How the Prime Minister could rescue hockey - Macleans.ca

How the Prime Minister could rescue hockey

Heads of state have interfered in pro sports before

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How the Prime Minister could rescue hockey

Michael Tran/FilmMagic/Getty Images

It may be the most thrilling of winter sports, but summer is proving to be hockey’s toughest season.

In June, Vancouver was terrorized by a massive riot following the seventh game of the Stanley Cup finals. In recent months three well-known NHL tough guys were found dead by their own hand: Rick Rypien and Wade Belak from apparent suicide, Derek Boogaard from accidental drug overdose.

And head trauma continues to cast a pall over the entire sport. While professional hockey has always involved substantial physical contact and ritualized fighting, new research suggests hockey tough guys such as Boogaard, Rypien and Belak may face a lifetime of degenerative brain disease and depression. Shots to the head are shortening the careers of many talented players as well. Gifted left winger Paul Kariya retired in June due to post-concussion syndrome. In August, the Boston Bruins’ star centre Marc Savard (who signed a $28-million, seven-year contract in 2009) announced he won’t play this coming season because of a concussion. He may never play again.

Most depressing, Sidney Crosby of the Pittsburgh Penguins missed half of last season—cutting short a year that was shaping up to be one of hockey’s greatest—with back-to-back concussions and, as Maclean’s went to press, he was scheduled to give a press conference outlining his plans for this fall.

The enduring popularity of hockey is clearly at risk when its biggest star and most marketable personality can’t play. If the public image of hockey calcifies around the observation that it is a dangerous sport characterized by frequent head injuries, parents will quite rationally enroll their sons or daughters in less hazardous pursuits. Casual fans will turn away. Sponsors will look elsewhere for advertising opportunities. The storied place of hockey in Canadian culture could be imperilled. The risk here is extremely serious. Can hockey turn itself around?

The responsible parties have all dutifully responded to hockey’s summer of discontent. Following the deaths of Belak et al., the NHL and players’ association promised “a thorough evaluation of our existing assistance programs and practices . . . to enhance player welfare.” The city of Vancouver conducted an independent review of the riot. The NHL regularly investigates controversial hits and hands out suspensions. Referees now pay more attention to blind-side hits and additional rule changes seem likely.

And yet it will take more than rule tweaks and player assistance programs to shift public perception in a meaningful and permanent way. Major changes to the very nature and culture of the sport will be required to really fix things. Prime Minister Stephen Harper may even need to get involved. There is precedent.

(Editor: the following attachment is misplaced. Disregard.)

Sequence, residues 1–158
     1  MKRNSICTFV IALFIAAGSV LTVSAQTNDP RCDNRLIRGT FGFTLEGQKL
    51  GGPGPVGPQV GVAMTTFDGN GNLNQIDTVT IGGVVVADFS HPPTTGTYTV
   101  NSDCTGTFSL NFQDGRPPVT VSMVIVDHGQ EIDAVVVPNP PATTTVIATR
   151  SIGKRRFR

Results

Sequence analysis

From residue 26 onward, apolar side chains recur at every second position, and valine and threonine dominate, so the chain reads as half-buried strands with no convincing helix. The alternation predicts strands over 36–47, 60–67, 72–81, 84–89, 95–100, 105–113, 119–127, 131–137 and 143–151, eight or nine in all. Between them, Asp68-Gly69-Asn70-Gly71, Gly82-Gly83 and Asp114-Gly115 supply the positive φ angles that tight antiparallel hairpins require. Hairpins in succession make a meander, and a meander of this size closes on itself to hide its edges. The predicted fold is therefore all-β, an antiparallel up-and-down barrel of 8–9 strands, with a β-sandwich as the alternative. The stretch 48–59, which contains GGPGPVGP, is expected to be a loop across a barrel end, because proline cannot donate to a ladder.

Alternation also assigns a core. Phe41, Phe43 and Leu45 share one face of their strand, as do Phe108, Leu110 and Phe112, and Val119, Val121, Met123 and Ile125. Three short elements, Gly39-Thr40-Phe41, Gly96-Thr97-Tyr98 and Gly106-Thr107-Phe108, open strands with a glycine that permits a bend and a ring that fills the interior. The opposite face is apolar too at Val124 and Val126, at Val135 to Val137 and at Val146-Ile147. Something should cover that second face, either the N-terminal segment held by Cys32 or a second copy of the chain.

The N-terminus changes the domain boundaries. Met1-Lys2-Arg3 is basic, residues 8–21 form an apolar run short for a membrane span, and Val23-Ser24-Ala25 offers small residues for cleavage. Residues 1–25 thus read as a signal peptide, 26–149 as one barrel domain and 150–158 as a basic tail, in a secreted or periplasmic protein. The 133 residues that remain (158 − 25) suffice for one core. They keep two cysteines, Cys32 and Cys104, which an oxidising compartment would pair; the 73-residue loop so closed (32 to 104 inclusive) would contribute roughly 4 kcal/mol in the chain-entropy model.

In the early 1900s, American football was under a threat similar to that faced by hockey today. The brutal nature of the game (in 1905, 18 players died on U.S. gridirons) led to widespread public revulsion. Many universities, including Harvard, Columbia, Stanford and Northwestern, quit playing. The Georgia legislature voted to ban the sport.

President Theodore Roosevelt, however, was a big fan of football and the rugged virtues it promoted. In response to the threats to the sport’s continued existence, he quietly convened a White House football conference, bringing together the era’s most important coaches, a meeting recounted in John J. Miller’s recent book The Big Scrum: How Teddy Roosevelt Saved Football.

“Football is on trial,” Roosevelt told the coaches. “Because I believe in the game, I want to do all I can to save it.” While Roosevelt took no effort to dictate what changes ought to be made, with his encouragement the sport completely reinvented itself. The forward pass became legal. First downs required 10 yards, rather than five, which helped open up the game. Plays that put players’ heads and necks at risk were explicitly prohibited. A game characterized by massive pileups, broken necks and eye gouging went on to become the most popular spectator sport in the U.S. today.

Politicians obviously have no business micromanaging sport, but our Prime Minister could use his stature to encourage hockey to abandon its violent status quo in favour of something new and better, as Roosevelt did. Everything should be up for grabs. A bigger ice surface would place greater emphasis on skating and compensate for the obvious inflation in player size over the decades. Fighting could be banned outright and the position of team goon made redundant. Team benches could be shortened to eliminate the fourth line. Teams could play four aside the entire game. All contact to the head could be illegal.

Hockey should properly be known as an exciting, fast-paced game played with skill and grace, not the former occupation of athletes suffering from post-concussion syndrome, brain disease and depression. It’s time to reinvent the sport.